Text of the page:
Banned bulb causes blaze

Banned bulb causes blaze

Firefighters arrived at College Park Apartments after a halogen light bulb ignited around midnight Jan 12.

Brandon Zeris, Editor-in-Chief

A halogen light bulb burst into flames around midnight Jan. 12 at a College Park Apartment, prompting a resident to extinguish the blaze before it could spread.

UPJ Sophomore Craig Halstead was sleeping in his third floor room, number 307, when he said he heard the fire alarm.

“I thought it was because of popcorn like usual,” he said.

As he got dressed to go outside to wait to be admitted back into his room, Halstead said he saw a floor lamp on fire.

“I almost didn’t see the lamp,” he said. “I got the fire extinguisher and put it out.”

Halstead’s roommate, Junior Brent Cairns, said he was in the room when Halstead put out the fire.

“I was downstairs, when I heard the fire alarm,” Cairns said. “I went upstairs to get my shoes to go outside.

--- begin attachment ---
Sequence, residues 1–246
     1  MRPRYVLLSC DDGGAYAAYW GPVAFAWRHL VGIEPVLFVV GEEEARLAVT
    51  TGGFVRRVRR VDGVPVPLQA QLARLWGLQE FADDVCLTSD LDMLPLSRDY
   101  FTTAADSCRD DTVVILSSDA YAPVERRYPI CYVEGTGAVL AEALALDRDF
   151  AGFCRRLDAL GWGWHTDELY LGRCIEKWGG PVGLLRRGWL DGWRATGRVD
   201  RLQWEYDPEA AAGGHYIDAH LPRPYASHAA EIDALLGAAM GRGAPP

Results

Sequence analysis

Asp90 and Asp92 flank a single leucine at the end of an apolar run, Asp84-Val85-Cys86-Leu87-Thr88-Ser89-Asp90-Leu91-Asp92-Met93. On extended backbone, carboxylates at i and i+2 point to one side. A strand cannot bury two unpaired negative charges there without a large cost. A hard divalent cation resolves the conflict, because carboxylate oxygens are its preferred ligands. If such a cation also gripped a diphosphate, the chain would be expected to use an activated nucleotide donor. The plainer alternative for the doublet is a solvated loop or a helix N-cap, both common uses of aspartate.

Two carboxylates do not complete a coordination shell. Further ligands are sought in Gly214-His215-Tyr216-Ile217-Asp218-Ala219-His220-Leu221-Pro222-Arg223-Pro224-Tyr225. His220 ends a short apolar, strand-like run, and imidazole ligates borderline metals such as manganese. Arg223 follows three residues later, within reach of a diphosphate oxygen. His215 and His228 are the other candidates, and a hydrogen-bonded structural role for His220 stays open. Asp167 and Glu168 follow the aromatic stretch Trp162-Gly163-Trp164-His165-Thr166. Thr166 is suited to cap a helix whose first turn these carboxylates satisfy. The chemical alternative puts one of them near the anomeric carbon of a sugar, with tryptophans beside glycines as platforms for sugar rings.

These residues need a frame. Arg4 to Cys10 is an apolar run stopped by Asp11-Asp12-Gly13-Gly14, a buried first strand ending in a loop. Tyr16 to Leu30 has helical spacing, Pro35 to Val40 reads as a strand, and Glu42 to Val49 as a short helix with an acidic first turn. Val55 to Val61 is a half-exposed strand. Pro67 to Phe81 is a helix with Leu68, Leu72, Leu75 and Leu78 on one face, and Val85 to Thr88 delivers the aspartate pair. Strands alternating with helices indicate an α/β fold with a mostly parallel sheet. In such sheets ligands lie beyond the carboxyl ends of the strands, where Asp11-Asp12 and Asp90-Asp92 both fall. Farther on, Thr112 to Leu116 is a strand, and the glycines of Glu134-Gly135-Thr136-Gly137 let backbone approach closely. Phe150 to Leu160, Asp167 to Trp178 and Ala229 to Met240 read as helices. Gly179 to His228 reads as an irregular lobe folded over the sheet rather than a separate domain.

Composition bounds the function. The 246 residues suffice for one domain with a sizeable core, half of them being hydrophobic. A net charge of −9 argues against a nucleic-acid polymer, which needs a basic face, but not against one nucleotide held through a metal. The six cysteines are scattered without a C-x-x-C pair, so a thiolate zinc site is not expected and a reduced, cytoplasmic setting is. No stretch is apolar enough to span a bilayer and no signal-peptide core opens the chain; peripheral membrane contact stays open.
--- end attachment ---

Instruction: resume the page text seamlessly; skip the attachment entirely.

“When I got to our room I saw Craig putting out the fire. (The lamp) looked like an Olympic torch.”

Cairns said he, Halstead and their other roommate, Sophomore Alex Wess told their Resident Director that there was a fire, and UPJ Campus Police were called in.

Officers arrived and called the Richland Township Fire Department to assist with ventilation, according to UPJ Police Chief Eric Zangaglia.

Zangaglia said no injuries were reported.

Firefighters spent nearly two hours at the scene and determined that the halogen bulb was responsible for the blaze, Cairns said.

Wess said that he was surprised to learn that a light bulb was the cause, but added that he hasn’t seen any other rooms with a similar lamp.

“We may have the only room with a halogen lamp,” he said.

UPJ Housing Director Mark Dougherty said that Wess is probably correct because Halogen lamps are not allowed in residence halls.

“We haven’t had those for a long time,” he said.

Wess said the only reason they had the lamp was because it was the one given to them when they moved in at the start of the fall semester.

Dougherty said that housing staff might have overlooked the halogen lamp when doing inventory checks because they can look similar to another type of permitted lamp.

“Sometimes the incandescent lamps look like the old halogen ones, so it’s possible we missed it,” he said.